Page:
It looks like Aaron J. Seigo is at it again with another interesting double issue of Kernel Cousin KDE. This issue covers the KDE Usability Project, speed enhancements, Konqi improvements, what's ahead for KDE 3.0, and more. Check it out here.
ok, it's not issue #30. it is issue #20. it was a typo. it will be fixed soon.
*sigh* i really ought to take gallium up on that proof-reading offer. =P
When I first read this week's KC KDE I thought, "Wow 30 issues has gone by fast...," although then I realized that the last issue was number 18. :-)
Say, if you need a second proof reader, I'm all ears (hey, I will use any excuse to get to read KC KDE sooner).
What about issue #19? :)
It happened, AGAIN????
Never heard of Free-Weekends?
Why isn't this on LinuxToday?
zack brown usually takes care of that. it should be appearing soon... an LT editor actually emailed me yesterday asking why it hadn't been submitted yet, so they noticed too which is somewhat bizarre but cool nonetheless.
if it doesn't appear on LT by this evening I'll submit it myself. my guess is that Zack already has though.
The usability study is a great intiative and is exactly what is needed at this point in the development of KDE..
But I am a bit confused about these reports being posted. Are these single individuals opinioning on the selected application in a report form? This might imply a possible misunderstanding about the nature of usablity studies.
The real value of a usability study is likely to be in the empirical report of actual user behaviour. In other words: replicable reports about what selected users (typically not knowing too much about the application/utility and certainly not including the tester itself).
This requires presenting a group of users with tasks, and the report on the usability problems as matter of fact occuring. This could well be done efficiently in an informal way, for example by catching a few fellow students/colleagues not familiar with Linux/KDE and make then perform the central tasks: and then write a report of the problems occurring.
If one has suggestions on behalf of oneself it is probably better to post each suggestion on a discussion list... A single person - unless that person is a seasoned GUI-expert - can basically only express one owns preferences and likings, which may or may not improve the usability for other people, and is not in a position to write a "report" about the usability qualities of an application.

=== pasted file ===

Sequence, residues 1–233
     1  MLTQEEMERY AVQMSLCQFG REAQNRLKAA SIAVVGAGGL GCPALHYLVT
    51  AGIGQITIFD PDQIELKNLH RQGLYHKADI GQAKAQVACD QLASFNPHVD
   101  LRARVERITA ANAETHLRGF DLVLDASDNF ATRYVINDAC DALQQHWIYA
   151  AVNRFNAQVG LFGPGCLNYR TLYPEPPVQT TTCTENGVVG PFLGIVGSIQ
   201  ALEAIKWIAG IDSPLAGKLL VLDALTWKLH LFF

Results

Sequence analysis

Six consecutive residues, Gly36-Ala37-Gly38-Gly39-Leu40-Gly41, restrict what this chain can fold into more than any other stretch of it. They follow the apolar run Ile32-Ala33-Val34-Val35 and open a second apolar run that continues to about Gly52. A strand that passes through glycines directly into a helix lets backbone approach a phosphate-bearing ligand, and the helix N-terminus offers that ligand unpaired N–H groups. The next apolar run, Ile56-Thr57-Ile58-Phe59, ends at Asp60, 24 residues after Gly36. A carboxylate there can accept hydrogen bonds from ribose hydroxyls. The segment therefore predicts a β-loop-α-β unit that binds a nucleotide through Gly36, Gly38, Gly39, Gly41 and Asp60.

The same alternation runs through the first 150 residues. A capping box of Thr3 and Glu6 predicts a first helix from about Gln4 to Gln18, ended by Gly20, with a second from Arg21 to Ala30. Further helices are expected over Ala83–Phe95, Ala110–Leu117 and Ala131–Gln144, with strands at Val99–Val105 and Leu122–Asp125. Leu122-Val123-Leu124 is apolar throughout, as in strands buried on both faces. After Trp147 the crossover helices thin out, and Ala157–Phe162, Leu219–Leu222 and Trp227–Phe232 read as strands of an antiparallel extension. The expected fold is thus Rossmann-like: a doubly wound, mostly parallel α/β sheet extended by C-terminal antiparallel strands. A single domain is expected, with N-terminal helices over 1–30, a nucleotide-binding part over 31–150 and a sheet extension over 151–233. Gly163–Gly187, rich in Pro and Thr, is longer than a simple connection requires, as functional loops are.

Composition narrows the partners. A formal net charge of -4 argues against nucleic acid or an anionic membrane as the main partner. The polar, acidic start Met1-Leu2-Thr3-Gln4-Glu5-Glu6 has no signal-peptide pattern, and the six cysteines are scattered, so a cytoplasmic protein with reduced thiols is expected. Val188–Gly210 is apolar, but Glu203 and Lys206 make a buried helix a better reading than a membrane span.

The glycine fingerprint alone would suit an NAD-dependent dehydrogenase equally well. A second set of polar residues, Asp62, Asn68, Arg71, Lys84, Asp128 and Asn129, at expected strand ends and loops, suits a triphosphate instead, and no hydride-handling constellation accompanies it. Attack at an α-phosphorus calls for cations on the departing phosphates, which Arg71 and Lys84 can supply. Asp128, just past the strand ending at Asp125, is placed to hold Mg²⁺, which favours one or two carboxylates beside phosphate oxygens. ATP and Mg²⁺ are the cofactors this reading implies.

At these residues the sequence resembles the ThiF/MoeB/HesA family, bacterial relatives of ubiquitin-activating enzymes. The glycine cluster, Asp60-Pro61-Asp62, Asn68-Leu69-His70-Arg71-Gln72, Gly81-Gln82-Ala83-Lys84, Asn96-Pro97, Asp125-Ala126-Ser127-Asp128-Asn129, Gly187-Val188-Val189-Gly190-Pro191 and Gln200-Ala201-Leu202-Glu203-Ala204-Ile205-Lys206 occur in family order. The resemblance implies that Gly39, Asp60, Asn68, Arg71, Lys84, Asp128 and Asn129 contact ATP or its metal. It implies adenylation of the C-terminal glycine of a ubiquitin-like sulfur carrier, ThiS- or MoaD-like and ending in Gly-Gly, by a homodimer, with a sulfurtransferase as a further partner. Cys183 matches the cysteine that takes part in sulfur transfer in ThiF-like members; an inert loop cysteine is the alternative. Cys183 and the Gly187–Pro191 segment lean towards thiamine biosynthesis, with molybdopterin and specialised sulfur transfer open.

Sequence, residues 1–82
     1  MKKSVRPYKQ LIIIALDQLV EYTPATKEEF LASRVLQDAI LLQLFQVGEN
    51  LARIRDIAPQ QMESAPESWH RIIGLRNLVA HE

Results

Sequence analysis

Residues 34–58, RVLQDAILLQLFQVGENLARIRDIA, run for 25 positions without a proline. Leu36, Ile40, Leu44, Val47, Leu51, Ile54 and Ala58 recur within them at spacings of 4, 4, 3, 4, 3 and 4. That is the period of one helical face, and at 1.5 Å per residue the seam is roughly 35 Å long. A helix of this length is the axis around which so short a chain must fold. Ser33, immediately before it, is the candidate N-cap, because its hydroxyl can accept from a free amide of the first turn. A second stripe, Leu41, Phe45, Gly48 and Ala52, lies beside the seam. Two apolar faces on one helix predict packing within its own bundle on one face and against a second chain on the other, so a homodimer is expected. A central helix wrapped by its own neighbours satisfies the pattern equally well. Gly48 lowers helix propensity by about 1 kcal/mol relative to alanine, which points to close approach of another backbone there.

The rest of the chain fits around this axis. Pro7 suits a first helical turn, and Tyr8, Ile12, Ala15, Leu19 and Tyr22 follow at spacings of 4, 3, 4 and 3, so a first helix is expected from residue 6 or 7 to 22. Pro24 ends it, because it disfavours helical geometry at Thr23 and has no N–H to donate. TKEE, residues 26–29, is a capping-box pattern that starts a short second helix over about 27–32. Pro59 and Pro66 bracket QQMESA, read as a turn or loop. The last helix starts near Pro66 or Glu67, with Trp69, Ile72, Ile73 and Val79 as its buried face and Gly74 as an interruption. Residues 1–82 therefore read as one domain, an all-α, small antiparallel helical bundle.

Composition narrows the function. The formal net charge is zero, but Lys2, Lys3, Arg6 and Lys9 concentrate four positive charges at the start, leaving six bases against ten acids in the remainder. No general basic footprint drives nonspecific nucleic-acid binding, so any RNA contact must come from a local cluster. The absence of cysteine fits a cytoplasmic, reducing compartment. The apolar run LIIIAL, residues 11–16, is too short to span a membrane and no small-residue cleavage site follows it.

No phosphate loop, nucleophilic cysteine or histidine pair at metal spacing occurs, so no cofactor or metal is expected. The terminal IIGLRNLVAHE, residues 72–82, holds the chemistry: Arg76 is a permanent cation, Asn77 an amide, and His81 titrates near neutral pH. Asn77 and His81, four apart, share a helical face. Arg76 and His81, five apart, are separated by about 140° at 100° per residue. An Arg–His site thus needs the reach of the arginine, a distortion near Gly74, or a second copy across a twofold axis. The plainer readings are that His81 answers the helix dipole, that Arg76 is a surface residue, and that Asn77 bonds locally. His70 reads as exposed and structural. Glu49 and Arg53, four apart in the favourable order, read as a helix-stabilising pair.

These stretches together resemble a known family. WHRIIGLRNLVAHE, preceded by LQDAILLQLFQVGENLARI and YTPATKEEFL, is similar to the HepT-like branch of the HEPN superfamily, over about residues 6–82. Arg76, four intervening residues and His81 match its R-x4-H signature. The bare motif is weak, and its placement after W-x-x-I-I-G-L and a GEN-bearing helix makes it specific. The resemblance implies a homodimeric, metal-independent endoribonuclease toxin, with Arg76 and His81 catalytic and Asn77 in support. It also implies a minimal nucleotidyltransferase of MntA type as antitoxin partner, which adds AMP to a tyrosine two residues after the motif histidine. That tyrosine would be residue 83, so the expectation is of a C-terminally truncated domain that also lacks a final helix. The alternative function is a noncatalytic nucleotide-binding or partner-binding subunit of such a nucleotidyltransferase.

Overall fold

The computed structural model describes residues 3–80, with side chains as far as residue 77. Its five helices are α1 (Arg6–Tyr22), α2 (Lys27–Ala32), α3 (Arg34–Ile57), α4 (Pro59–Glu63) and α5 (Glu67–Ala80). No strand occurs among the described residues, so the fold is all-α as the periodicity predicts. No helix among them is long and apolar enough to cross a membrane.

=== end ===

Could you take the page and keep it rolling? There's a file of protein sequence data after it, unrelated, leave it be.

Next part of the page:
i am not an active participant in the usability project, but from following the threads on the usability list, what appears to be happening is this: they are constructing an online testing system that different usability tests can be uploaded to and results tracked through. at that point your general user can be put through the test(s). their experience will be pooled with all the other participants into one body of data.
until that system is ready to go however, what appears to be happening is people are drafting reports that will be embelished upon later with results from the tests. right now they contain mostly known usability gaffs in the applications based upon known and agreed upon usability and (KDE) design standards.
Thanks for the info and - btw - thanks also for these great newsletters and for taking the no doubt considerable time to write them up...
"The usability study is a great intiative and is exactly what is needed at this point in the development of KDE.."
I have to disagree. These studies would have been necessary two years ago. I see quite a few bad decisions that were made in KDE that could have been avoided if one had cared about usability from the start. Usability is nothing that you can add afterwards, you must consider UI issues from the start.
I am sorry but I disagree. I run the usability study for KDE and I beieve that usability can be engaged anytime in the development process. If it couldnt, we would have never improved interfaces.